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Leading With Digital

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Last night I had dinner with the head creative director of an agency on the West Coast.  We were discussing the topic that seems to be on everyone's mind: "How does an agency truly become digital?" Big agencies, small agencies, PR practices, CRM firms, even the major media companies are all trying to figure out how to get a bigger slice of the digital pie. 

Let's say you are a 50-employee agency, or 100 or even 300. Where do you start? Who do you hire? What is the right structure to get an agency to be truly integrated and deliver the right message to the right audience in a creative and effective way that is completely media agnostic? 

To begin, it's important to understand the discrepancy between the major advertising agencies and the niche digital shops. One side of the spectrum has large multinational brands, understands marketing and knows how to produce major media campaigns, but tends to be too top-heavy to truly embrace the entrepreneurship that is needed to live in a digital world. On the other side of the spectrum, you'll find firms that are nimble, innovative, entrepreneurial, can embrace any technology and have an understanding of how to build digital applications, experiences and platforms. Despite this, they tend to lack in strategic marketing and planning as well as deep client relationships because they are often hired by the larger agencies on a project basis. They also tend to be too focused on digital to move from digital shop to marketing content agency.

With all those differences in mind, the most immediate is an understanding of technology. Agencies find themselves asking, "Do I need to hire an engineering staff?" In short, the answer is "No." Hiring a bunch of engineers to crunch hours of code would not be an efficient model for an agency looking to get into the digital space. Engineering and production models in the digital space are becoming a commodity business. There are companies around the world that could easily take a big idea -- consisting of comps, mock-ups, user-flows and designs -- and turn it into a fully functioning gizmo faster, cheaper and more efficiently than a lot of agency teams, especially those that are just getting started in digital. In addition, there are companies in more efficient economies that are able to produce digital content and applications at a fraction of the cost using offshore and near-shore production resources. That isn't to say that once an agency has become "digital" it shouldn't invest in broadening its capabilities -- which may require engineering capabilities -- but that's another article.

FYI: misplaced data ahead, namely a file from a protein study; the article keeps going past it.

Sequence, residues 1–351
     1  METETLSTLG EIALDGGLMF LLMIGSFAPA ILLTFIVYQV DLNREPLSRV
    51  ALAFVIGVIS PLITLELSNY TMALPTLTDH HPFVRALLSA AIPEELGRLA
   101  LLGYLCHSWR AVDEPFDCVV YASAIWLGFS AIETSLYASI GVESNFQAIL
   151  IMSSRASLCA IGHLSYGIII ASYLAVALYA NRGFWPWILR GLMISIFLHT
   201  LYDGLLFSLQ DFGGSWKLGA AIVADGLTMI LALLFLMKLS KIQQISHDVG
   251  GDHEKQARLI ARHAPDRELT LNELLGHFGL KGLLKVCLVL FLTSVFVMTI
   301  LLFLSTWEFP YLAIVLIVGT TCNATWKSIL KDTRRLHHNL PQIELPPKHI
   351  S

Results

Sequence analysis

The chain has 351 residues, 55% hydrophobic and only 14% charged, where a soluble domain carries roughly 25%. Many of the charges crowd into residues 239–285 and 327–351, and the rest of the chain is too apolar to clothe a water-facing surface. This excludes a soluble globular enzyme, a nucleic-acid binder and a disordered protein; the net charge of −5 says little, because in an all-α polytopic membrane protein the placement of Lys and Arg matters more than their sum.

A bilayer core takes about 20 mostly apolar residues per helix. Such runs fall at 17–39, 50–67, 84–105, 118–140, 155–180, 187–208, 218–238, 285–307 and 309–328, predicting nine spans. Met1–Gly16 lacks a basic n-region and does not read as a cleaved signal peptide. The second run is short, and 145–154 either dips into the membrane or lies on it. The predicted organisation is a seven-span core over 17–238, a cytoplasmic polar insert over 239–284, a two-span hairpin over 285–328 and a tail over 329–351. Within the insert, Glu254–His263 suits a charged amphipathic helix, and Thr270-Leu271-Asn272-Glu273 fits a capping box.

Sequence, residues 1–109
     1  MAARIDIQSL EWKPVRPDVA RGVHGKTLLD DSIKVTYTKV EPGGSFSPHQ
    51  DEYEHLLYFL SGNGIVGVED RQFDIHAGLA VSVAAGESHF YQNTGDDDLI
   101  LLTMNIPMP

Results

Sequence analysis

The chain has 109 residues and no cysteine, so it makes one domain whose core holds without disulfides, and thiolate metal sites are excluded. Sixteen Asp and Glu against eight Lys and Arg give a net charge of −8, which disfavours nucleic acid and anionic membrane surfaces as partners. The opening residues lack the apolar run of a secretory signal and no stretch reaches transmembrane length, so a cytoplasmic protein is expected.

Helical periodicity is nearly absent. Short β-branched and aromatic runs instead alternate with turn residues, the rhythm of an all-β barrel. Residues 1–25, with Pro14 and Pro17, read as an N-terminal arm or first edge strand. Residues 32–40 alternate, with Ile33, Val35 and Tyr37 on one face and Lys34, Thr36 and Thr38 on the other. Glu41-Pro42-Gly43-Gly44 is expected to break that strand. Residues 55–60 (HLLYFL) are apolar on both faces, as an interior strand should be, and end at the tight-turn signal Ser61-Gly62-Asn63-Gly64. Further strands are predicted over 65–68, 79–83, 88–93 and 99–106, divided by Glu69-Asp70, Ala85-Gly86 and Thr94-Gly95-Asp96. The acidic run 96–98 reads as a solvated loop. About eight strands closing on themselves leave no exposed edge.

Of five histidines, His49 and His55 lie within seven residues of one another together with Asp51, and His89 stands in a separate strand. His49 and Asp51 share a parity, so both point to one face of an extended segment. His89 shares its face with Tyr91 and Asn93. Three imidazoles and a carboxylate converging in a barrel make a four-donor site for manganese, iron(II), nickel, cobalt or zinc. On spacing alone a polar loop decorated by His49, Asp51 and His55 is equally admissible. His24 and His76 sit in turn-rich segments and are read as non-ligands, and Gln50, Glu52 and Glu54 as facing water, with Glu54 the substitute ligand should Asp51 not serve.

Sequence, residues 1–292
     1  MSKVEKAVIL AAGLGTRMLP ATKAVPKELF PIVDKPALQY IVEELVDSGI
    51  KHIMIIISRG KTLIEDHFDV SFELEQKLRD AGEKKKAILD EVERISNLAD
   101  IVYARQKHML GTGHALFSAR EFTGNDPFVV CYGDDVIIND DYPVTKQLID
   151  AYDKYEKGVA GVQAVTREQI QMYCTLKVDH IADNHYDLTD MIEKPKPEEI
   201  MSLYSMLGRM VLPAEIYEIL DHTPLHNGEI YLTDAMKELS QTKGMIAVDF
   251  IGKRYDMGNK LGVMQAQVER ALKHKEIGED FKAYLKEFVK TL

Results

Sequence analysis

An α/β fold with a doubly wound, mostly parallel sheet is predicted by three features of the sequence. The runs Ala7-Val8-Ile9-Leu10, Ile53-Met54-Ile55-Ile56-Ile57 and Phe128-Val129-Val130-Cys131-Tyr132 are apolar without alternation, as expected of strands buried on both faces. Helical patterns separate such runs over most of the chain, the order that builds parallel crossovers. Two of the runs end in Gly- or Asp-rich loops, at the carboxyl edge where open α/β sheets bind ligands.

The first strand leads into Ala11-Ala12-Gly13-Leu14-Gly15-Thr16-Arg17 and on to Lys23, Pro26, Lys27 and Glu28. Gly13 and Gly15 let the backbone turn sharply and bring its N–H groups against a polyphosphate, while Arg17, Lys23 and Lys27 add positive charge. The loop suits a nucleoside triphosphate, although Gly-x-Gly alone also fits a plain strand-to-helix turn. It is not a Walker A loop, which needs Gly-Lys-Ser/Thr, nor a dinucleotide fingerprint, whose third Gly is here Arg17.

The truth is, "becoming digital" isn't about hiring 30 people, reorganizing your departments and finding 18-year-olds to give director titles; it's about changing the way you think and ultimately to lead with digital. An agency that already has a foundation in traditional media is positioned well to evolve quickly into the digital space, but leadership comes from the top down. And as consumers continue to shift from lean-back to lean-forward media consumption, and as more and more platforms become IP connected and allow a level of interactivity, all media will gradually become digital.

When you lead with digital, "How will the consumer interact with my brand?" is always the first question. The key word there is interact.  The problem comes first, then the audience, then the solution. You don't go into the brief with an expectation of what you want to create; you go into the brief with an expectation that a solution will manifest itself in the best and most efficient way possible for the target audience. This means that the solution might not necessarily be media, but it could be a product, a Web site, a video game, a banner or even a print ad.

For an agency to lead with digital, it takes confidence, a willingness to take risks and a comfort with change. Sometimes this takes an employee who acts as an evangelist, nurturing, supporting and empowering others to let their imaginations run wild, and helping everyone within the organization understand what the engineers in the digital world are building and how they affect the way we communicate. To be digital requires education, exposure and the willingness to embrace change. But it's not about digital experts within organizations; it's about everyone in the company being empowered by understanding the space, because a good idea can come from anywhere. As we say at MDC Partners, it is really just about infusing digital into the DNA of an organization that ultimately leads to true innovation.

The days of the pitch from the creative director who spends 99.9 percent of a client meeting selling his big-budget-Hollywood-director-produced TV spot for $5 million, who only mentions that they also want to do something digital and viral that uses social networks as he is walking out the door, are long gone. Clients are asking for digital thinking: accountable, trackable, emotional experiences that bring a potential customer into a world of interaction and personalized encounters. Digital thinking that is built on marketing principles that empower a user to become an advocate for the brand and make the brand more relevant to them than the 30 seconds of television that they fast-forwarded through during American Idol

Brandon Berger is vp, digital innovation at MDC Partners.